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Addressing the Needs of Someone with Dementia

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As a person grows older, there comes the inevitable worry of what to do if Alzheimer’s or other forms of dementia take away one’s ability to make sound decisions and carry out daily tasks. Unfortunately, no one knows when or if this tragic situation will manifest, and it may arise before an individual has had an opportunity to make the necessary plans. Family members are often placed in the role of caring for parents with dementia-related conditions, and at some point, establishing guardianship may be necessary to provide for their medical and daily needs. When that point comes will vary by duration of times of lucidity and how cooperative a person is. For those that are easygoing and cooperative, establishing formal guardianship may not be necessary until capacity is completely lost. But for those that refuse care or assistance, guardianship is an early necessity. Further, those suffering from this type of condition likely may not have the ability to recognize how vulnerable they are, nor the understanding to competently execute the appropriate advance directives. Consequently, it may become necessary to petition a court for emergency guardianship. Alternatively, before the dementia completely removes all mental capacity, a person can elect to enter into a voluntary guardianship. An overview of these two forms guardianship will follow below.

Emergency Guardianship

Most people diagnosed with Alzheimer’s or other forms of dementia are in the mild and moderate stages, and do not require a guardian right away, but if the individual is being exploited, it may be necessary to seek emergency guardianship to prevent irreparable damage to his/her finances. Additionally, if a loved one suffers a stroke or other catastrophic event that takes away all cognitive function, emergency guardianship may be needed to address immediate medical needs.   Because of the important legal rights guardianship takes away (right to manage property, finances, living situation, etc.), the law is supposed to err on the side of limiting guardianship to those situations that allow for no other less restrictive alternative. However, a court will order temporary guardianship in an expedited process for emergency situations that grants authority for 90 days, subject to extension, if the party petitioning for guardianship can prove one of the following:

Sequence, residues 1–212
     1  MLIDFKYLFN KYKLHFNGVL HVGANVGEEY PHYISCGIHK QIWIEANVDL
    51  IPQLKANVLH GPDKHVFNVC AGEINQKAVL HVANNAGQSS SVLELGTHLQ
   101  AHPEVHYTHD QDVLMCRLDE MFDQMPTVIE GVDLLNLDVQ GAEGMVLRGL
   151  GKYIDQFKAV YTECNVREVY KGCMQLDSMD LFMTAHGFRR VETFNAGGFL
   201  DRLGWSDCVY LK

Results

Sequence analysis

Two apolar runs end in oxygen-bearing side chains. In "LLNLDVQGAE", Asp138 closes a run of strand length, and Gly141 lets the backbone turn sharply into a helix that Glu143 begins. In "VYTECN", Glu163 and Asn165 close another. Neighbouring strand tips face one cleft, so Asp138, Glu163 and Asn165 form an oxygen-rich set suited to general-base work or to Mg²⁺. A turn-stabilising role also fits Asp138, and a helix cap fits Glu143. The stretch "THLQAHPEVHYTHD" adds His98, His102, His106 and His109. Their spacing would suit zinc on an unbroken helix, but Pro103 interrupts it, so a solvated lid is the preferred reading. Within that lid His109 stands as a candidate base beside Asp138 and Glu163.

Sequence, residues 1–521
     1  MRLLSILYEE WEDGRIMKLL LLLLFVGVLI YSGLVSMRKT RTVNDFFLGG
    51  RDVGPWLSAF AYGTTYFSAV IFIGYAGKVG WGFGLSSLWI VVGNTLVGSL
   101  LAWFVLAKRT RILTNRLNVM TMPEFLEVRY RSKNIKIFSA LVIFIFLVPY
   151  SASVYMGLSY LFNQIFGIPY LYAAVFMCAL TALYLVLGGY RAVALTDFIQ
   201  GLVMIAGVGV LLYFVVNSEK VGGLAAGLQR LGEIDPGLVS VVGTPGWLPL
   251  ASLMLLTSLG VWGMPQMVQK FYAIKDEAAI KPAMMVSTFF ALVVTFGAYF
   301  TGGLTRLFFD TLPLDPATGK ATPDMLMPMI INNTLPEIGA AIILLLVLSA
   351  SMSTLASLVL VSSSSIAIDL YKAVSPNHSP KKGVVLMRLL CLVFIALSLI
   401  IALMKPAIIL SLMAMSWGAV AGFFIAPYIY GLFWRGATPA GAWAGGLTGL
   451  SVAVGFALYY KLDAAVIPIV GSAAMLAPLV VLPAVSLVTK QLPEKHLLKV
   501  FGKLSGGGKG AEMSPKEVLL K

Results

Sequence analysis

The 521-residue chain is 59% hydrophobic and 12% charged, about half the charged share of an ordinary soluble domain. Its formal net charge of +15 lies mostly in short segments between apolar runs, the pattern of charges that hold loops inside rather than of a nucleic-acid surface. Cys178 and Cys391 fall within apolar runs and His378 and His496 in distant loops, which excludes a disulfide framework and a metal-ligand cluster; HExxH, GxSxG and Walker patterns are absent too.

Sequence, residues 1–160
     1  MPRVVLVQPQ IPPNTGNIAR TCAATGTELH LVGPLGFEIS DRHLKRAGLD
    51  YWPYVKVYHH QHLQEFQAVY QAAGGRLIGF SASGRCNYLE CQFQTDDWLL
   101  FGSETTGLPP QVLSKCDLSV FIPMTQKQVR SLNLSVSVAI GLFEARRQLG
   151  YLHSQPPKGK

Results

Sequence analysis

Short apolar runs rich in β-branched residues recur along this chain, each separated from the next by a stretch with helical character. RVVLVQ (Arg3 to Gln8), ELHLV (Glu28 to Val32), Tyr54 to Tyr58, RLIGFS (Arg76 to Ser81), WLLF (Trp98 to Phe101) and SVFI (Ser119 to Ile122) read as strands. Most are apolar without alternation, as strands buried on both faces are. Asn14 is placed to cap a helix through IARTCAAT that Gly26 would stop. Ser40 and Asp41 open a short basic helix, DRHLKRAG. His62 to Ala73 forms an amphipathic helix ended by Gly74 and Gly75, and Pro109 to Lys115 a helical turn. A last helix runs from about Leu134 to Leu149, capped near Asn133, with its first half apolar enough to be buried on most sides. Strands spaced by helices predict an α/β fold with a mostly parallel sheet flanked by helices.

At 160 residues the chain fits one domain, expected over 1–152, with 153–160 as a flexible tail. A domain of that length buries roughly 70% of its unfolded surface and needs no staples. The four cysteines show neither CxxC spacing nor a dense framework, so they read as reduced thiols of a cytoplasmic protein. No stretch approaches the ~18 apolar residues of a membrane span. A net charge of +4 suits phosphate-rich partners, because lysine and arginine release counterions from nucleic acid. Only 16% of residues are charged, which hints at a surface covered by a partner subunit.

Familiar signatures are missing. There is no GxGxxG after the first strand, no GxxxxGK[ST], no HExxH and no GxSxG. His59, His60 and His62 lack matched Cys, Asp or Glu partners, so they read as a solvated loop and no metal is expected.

• a person is in imminent danger of harm to his/her health or safety; or
  • a person’s property is at risk for waste, misuse or loss if immediate action is not taken.

In any guardianship proceeding, a court must determine a person is mentally incapacitated, but for purposes of emergency guardianship, what constitutes imminent danger is a subjective assessment by the judge. Due to this discretion, it becomes a greater possibility a guardian could be appointed when capacity is still present, and underscores the need to address this situation with an elder law attorney before incapacity is a concern.

Voluntary Guardianship

If a person is still competent, but knows he/she is unable to effectively manage financial or personal affairs due to age or infirmity, he/she can voluntarily petition a court for guardianship. This may be an option for someone in the early stages of dementia that is expected to progress rapidly, or is compounded by other health issues. Before a court will approve a voluntary guardianship, the person seeking to transfer authority must provide documentation from a doctor stating he/she understands what one gives up with guardianship. As in other guardianship arrangements, the guardianship can be a complete transfer of authority (plenary), or be limited to certain areas identified by the petitioner. Before instigating this process, an attorney should be consulted to ensure a full understanding of all the legal implications of ceding decision-making authority to another person.

Work with a Florida Elder Law Attorney

Guardianship is a big step that should not be entered into lightly. Work with an experienced elder law attorney to learn exactly how this relationship works, and the best way to plan for this possibility so your best interests are primary. William Rambaum, P.A. specializes in elder law issues, including guardianship, and can help you or a loved one navigate this complex area of the law. Contact his Oldsmar office today to schedule an appointment.

Resource:

flsenate.gov/Laws/Statutes/2012/744.3031

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